For example, a Kiritsuke would be the perfect choice for Julienne or Chiffonade cuts, yet this is not to say that these cuts can’t be achieved with any other knife on this list.
|Knife Type||Suitable for cutting methods|
|Kiritsuke||long drawn slicing; chopping; mincing, dicing|
|Gyuto||chopping, rock chopping; cross chopping; slicing; dicing;|
|Chef’s Knife||slicing; back-slicing; chopping; rock-chopping; cross-chopping; dicing; mincing|
|Santoku||slicing; back-slicing; chopping; dicing; mincing|
Kiritsuke blades evolved from a traditional Japanese blade, uniting the design of a Yanagiba, a blade used for fish and seafood, and an Usuba, a knife typically used for vegetables.
Their blade is rectangular, featuring a long, flat edge, which ends in a sharp, reverse tanto clip.
This means that the flat spine of the knife ends abruptly and angles down towards the edge, making the knife resemble a traditional Japanese sword.
The typical Kiritsuke blade features a single bevel edge, ending in a steel ring that holds a typically octagonal wooden handle.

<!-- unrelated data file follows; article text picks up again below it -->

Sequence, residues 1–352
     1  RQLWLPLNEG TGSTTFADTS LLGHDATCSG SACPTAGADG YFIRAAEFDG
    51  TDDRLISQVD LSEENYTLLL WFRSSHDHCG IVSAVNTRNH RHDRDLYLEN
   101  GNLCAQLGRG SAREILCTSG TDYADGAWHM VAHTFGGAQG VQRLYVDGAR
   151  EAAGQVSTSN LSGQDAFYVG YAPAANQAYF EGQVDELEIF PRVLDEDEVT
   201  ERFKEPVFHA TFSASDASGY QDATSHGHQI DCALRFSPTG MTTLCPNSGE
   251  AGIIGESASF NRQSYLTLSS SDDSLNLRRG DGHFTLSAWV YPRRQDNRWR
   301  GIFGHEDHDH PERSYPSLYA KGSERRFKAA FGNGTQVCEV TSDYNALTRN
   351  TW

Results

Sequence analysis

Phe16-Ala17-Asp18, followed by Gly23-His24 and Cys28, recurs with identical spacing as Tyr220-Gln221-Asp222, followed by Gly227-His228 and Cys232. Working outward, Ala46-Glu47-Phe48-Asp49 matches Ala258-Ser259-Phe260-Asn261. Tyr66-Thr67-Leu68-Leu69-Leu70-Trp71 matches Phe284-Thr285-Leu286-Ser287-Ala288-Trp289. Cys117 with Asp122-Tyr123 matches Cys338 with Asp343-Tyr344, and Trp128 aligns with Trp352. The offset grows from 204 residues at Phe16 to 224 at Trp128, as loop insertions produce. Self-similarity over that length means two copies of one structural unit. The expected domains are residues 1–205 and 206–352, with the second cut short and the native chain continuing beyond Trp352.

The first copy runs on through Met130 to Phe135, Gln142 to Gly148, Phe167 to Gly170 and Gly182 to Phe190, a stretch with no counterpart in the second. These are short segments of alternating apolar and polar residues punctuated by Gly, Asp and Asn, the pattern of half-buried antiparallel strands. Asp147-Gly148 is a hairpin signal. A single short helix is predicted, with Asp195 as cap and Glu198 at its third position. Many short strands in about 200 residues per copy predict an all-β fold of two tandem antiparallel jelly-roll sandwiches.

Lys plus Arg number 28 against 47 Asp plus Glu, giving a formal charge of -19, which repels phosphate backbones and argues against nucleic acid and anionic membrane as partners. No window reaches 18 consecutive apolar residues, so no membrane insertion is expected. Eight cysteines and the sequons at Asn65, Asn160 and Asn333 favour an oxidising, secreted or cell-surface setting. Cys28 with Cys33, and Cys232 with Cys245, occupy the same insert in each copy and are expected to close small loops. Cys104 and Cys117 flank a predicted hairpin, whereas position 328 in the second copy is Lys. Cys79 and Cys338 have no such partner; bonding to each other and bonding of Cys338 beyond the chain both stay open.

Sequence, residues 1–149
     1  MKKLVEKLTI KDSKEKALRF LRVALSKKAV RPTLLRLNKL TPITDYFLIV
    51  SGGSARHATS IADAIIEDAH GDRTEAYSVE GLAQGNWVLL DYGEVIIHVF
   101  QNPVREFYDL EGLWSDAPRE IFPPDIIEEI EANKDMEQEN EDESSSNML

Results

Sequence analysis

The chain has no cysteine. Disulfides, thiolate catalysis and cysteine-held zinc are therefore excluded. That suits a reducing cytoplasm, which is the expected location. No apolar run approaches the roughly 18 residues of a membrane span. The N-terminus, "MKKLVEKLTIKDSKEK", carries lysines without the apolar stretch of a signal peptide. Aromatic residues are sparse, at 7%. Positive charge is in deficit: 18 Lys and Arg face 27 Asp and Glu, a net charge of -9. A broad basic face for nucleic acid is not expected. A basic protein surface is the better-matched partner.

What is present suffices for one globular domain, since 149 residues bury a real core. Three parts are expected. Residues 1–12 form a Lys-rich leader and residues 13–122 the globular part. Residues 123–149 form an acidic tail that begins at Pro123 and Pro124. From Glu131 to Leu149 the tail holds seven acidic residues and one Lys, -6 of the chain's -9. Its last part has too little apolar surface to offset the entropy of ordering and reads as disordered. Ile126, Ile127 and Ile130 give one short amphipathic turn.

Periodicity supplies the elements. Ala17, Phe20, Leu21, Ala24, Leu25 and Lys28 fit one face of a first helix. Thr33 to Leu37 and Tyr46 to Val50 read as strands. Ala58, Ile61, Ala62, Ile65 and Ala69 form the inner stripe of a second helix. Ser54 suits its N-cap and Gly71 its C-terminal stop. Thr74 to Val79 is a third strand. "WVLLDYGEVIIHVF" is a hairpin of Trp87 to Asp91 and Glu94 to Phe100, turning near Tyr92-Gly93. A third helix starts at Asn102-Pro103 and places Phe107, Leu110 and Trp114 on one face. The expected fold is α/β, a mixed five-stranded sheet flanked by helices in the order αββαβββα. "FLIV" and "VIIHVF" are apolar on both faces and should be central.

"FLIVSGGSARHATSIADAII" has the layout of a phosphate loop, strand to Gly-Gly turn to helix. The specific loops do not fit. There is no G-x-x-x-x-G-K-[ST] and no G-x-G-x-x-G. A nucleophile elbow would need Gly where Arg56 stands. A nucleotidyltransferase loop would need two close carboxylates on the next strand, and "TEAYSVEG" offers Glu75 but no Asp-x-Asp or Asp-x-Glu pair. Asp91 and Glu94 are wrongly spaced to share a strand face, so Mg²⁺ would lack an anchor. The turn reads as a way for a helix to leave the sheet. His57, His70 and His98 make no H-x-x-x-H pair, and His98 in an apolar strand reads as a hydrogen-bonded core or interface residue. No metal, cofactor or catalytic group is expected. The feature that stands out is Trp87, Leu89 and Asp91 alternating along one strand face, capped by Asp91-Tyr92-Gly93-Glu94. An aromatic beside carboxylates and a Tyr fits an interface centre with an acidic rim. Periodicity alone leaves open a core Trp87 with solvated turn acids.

Gyutos resemble the Western-style chef’s knife, with a few key differences. Their edge is slightly curved throughout the cutting belly, with a steeper angle as it gets closer to the tip. The spine curves down quite abruptly to meet the edge around the middle of the blade.
The handle is longer and a bit sturdier, balancing out the heavier blade that’s so useful for tougher foods. Similarly to Western knives, Gyutos have a double beveled edge, although their blade is a bit thinner and features a taller heel.
The Western chef’s knife features a long blade with a flat spine. The edge has a slightly curved profile, angling up to meet the spine at a very sharp point. Its blade is thicker and heavier than you’ll see on many Japanese-style knives, perfectly balanced by a long handle.
Its curved edge allows the chef to employ the most common cutting techniques with ease, while the weight balance deters tired hands after prolonged use.
A Santoku has a wider, shorter blade than most other knives, and it has also evolved from the traditional Japanese Nakiri.
It kept the rectangular blade design, adding a slightly curved belly. The spine angles down towards the belly to create a larger cutting surface, yet the angle is often quite steep.
This allows the cook to put more pressure on the tip, making it easier to chop through dense foods.
Typically, these knives have little elongated indents across the blade. These make separating very fine slices of vegetables and fish easier since they won’t stick to the blade as much.